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Cape Town
Ocean Road

As South Africa’s oldest city, Cape Town has plenty to discover and explore. Read these tips to find out how best to unearth the treasures of what locals also refer to as “The Mother City.”

A National Pastime

The South African version of the barbeque is called a braai. Everyone loves this sociable, potluck-style gathering that spotlights food roasted over an open fire, whether it takes place at the beach, a winery, in a backyard or on a verandah. National Braai Day (September 24) confirms its cultural significance. At any braai, you can expect to see plenty of meat, which the locals consume in mass quantities. If you don’t get invited to one, leave Cape Town on a Sunday and head to the township of Gugulethu. There, you’ll find Mzoli’s, which offers a very local braai experience.

Cape Dutch Cuisine

Many popular South African dishes are hybrids of Dutch, French, Indonesian and Indian cooking traditions. The Cape Malays—descendants of 17th-century Dutch slaves that hailed mostly from Indonesia, Madagascar and Sri Lanka—retain a strong influence. Their dishes contain fragrant herbs and spices, curries, sambals, stews and fruit cooked with meat. Popular favorites include:

  • Bobotie: Curried, minced meat baked in an egg custard
  • Bredie: Slow-cooked meat (usually mutton) and vegetable stew; comes in many varieties
  • Sosatie: Skewered meat soaked in a curry marinade

Downtown Walking Tour

The German-born Ursula Stevens established the first walking tours of Cape Town almost 30 years ago, and continues her forays through its streets and neighborhoods today. A history graduate who has lived in Cape Town for over 45 years, Ursula expertly guides her guests through gardens, flower markets, churches and the colorful Muslim quarter of Bo-Kaap, all while providing interesting historical and architectural facts. The R180 (180 South African Rand, equivalent to approx. $19.65 U.S.) for her 2 1/2-hour Cape Town on Foot & Bo-Kaap tour is money well-spent.

The Cape Doctor

Cape Town’s famous southeastern wind—also known as South-Easter—gusts in gale forces from False Bay through the mountain range to Cape Town and north to Blouberg. Locals say it keeps their city healthy, fondly referring to it as die Kaapse Dokter (The Cape Doctor). Most active in November, the billowing physician works from spring (August and September) to late summer (March and April), blowing away pollution, often at great force. Although its effects can be bracing at the beach, the Doctor conjures up clear skies, fresh air and great opportunities to watch masters of windsurfing and kite surfing, particularly in Blouberg.

Beach Conditions

When you visit Cape Town, go to the ocean. Rent a chair or take a walk on the brilliant white beaches of the Cape Town Riviera. Ocean swimming is safe in designated areas, but expect colder waters on the Atlantic side of the peninsula year-round. You’ll find warmer swimming in the Indian Ocean at great beaches like Muizenberg. Windy conditions often prevail at the beaches, so when the “Cape Doctor” blows (see above), head to sheltered Clifton Beach on the Atlantic side. February and March are the least windy, but they also draw the most crowds. If you want more space to yourself, go on weekdays.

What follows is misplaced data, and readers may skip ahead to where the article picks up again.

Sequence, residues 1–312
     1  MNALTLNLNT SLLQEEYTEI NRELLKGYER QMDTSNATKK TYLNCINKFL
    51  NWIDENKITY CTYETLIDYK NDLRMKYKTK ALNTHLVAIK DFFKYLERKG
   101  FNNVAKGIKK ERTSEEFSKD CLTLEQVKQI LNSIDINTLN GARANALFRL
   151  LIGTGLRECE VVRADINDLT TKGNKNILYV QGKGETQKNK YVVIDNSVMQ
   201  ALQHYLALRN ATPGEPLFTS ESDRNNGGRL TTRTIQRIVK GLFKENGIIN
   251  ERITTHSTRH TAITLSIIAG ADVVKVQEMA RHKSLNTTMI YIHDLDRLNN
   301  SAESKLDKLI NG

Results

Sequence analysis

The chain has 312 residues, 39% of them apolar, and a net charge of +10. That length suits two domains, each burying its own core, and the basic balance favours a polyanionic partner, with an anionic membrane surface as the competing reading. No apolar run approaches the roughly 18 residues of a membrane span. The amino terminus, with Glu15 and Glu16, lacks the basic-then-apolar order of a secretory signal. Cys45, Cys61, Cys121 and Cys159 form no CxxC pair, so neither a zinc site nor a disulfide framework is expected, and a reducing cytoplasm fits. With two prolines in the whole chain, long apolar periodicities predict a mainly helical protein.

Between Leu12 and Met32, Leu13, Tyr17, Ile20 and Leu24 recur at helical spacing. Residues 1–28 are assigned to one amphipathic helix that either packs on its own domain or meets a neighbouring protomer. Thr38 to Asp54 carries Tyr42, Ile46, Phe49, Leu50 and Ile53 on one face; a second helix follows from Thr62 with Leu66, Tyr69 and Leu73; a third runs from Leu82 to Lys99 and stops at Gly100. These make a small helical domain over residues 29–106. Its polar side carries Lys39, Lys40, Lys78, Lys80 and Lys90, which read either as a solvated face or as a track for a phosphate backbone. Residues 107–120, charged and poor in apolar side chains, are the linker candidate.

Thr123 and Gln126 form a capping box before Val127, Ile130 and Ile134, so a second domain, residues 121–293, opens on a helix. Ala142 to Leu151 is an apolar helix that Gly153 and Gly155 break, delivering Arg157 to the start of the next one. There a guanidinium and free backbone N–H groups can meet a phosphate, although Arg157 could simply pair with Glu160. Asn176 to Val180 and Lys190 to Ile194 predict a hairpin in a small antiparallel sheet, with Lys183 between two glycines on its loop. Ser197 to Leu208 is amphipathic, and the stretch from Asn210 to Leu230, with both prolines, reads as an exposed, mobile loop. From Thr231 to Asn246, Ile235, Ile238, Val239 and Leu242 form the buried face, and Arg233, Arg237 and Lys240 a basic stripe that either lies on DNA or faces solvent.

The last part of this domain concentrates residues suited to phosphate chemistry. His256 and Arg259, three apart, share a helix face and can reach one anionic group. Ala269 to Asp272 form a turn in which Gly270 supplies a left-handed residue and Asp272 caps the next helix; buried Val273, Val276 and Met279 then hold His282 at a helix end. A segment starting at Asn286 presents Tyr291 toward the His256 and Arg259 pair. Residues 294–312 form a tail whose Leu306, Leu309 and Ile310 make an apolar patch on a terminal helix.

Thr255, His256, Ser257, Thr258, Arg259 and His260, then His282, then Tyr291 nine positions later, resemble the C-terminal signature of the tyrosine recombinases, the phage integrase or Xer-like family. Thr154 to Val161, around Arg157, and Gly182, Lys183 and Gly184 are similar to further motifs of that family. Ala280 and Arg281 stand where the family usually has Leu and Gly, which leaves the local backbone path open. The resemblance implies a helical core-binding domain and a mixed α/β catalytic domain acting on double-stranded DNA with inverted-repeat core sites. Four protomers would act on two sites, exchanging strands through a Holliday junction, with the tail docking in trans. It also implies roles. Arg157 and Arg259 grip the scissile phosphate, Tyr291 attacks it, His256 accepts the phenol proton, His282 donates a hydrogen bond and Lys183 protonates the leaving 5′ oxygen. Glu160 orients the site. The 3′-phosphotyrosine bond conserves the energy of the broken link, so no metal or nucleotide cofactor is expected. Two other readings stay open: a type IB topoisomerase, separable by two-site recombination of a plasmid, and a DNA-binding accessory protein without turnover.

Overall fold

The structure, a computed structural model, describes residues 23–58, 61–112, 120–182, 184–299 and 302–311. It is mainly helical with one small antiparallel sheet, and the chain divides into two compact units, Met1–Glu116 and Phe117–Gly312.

Cape Town Travel Seasons

During the summer (December to February), tourists and film crews descend upon Cape Town and take up most of the beds in town. Holidays—especially Easter—also make for slim pickings. If you plan to visit during these times, be sure to book well in advance. Try going in late summer and early autumn (March, April) when the weather is mild, the crowds have faded and accommodations are more plentiful. You can also look for more affordable rates in the so-called “Secret Season,” from June to August.

Capetonian Attire

Cape Town is not a formal city. Its residents have a casual, friendly attitude that extends to their attire. Smart-casual ensembles are perfect for dining out, while casual wear is fine for day tripping. Cape Town experiences all four seasons, which are the opposite of seasons in the northern hemisphere (their winter is our summer, and their summer is our winter). Shorts and T-shirts are a common sight in summer (December to February). Layer up in winter (June to August) and always bring a windproof jacket for touring the Cape peninsula. The wet season runs from May to August, so come prepared with rain gear. Find everything you need for every time of year at TravelSmith.

What Shall I Speak?

South Africa has 11 official languages. Zulu, Xhosa and Afrikaans are the three most popular; Sepedj is fourth; and English is fifth. Capetonians mostly speak Afrikaans (a primarily Dutch-derived Germanic language), but English is commonly understood. Learn some Afrikaans to help navigate the culture and avoid misunderstandings. If a Capetonian tells you “Now now,” it means right away. If he says he will do something “just now,” it means in the near future but not immediately, and possibly never.

Driving & Road Safety

Cape Town is quite spread out, encompassing approx. 950 sq. miles, so be prepared to rent a car or use a tour bus to get around. The roads are excellent and safe, but watch where you stop and always be aware of your surroundings. Park in lots where official parking guards look after your vehicle. Popular areas like Long Street and the main beaches employ official guards. Self-employed “guards” in yellow bibs offering to watch over your car are a common sight on the streets. Locals trust them and tip them a few rand upon returning to their cars. If you can’t find a guarded lot, park on populated, well-lit thoroughfares and keep a few spare rand in your pocket for tipping.

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